5. The danger to the child of further bodily harm or mental trauma.

6. The age of the child.

7. The purpose of the punishment: whether it was for correcting misconduct by the child, teaching a lesson, or done in anger.

8. General reasonableness standards—that is, within the bounds of reasonableness and humanity.

The court will weigh each of these factors and any other information relevant to the particular case and then make its final determination. In re F.W., 261 Ill.App.3d 894, 903, 634 N.E.2d 1123, 1128-1129 (Ill. App. Ct. 4th Dist. 1998); In Interest of J.P., 294 Ill.App.3d 991, 1002-1006, 692 N.E.2d 338, 344-47 (Ill. App. Ct. 1st Dist. 1998); People v. Tomlianovich, 161 Ill.App.3d 241, 242-43, 514 N.E.2d 203, 204 (Ill. App. Ct. 3d Dist. 1987), In re B.H., 389 Ill.App.3d 316, 319-320, 905 N.E.2d 893, 896-897 (Ill. App. Ct. 1st Dist. 2009); In Interest of L.M., 189 Ill.App.3d 392, 398, 545 N.E.2d 319, 324 (Ill. App. Ct. 1st Dist. 1989); In Interest of D. M. C., 107 Ill.App.3d 902, 905, 438 N.E.2d 254, 257 (Ill. App. Ct. 5th Dist. 1982).

Unfortunately, in many instances the punishment used by the parents so far exceeds the realm of reasonable behavior that the courts of review rarely have the opportunity to consider cases where the action in question could reasonably be determined to be non-excessive. However, the court has made several rulings that help define where that line exists and when the punishment that has occurred meets a standard for excessive corporal discipline.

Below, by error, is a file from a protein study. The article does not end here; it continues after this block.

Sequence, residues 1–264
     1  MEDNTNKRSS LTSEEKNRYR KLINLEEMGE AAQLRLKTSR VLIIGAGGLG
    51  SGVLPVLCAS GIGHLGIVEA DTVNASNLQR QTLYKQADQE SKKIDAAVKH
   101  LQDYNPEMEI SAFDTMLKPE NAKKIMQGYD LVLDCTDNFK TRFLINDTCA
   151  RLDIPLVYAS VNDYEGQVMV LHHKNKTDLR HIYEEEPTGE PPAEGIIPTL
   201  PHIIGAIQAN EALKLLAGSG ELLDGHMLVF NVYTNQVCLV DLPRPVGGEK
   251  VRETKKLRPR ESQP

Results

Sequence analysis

In In the Interest of L.M., the court made the determination that the mother inflicted excessive corporal punishment on her two sons, aged seven and nine. In that instance, the abuse was reported by the father. The children had been left unattended by the mother for over a day. Both boys were dirty and both were suffering from colds. In Interest of L.M., 189 Ill.App.3d 394 - 95. Although each of these factors was important, the court determined that significant emphasis should be placed on the fact that one of the boys had at least five whip marks on his back that were scabbed over and healing. The marks were the result of a whipping, administered by the mother, for playing ball in the house. Equally significant was the psychological evaluation of the mother and the expert testimony that confirmed she was unable to perceive when she was behaving in an overly-aggressive manner. These factors combined led the court to a determine that the punishment was excessive in this particular case, and it could be reasonably believed that the mother was likely to cause such harm in the future. In Interest of L.M., 189 Ill.App.3d 401.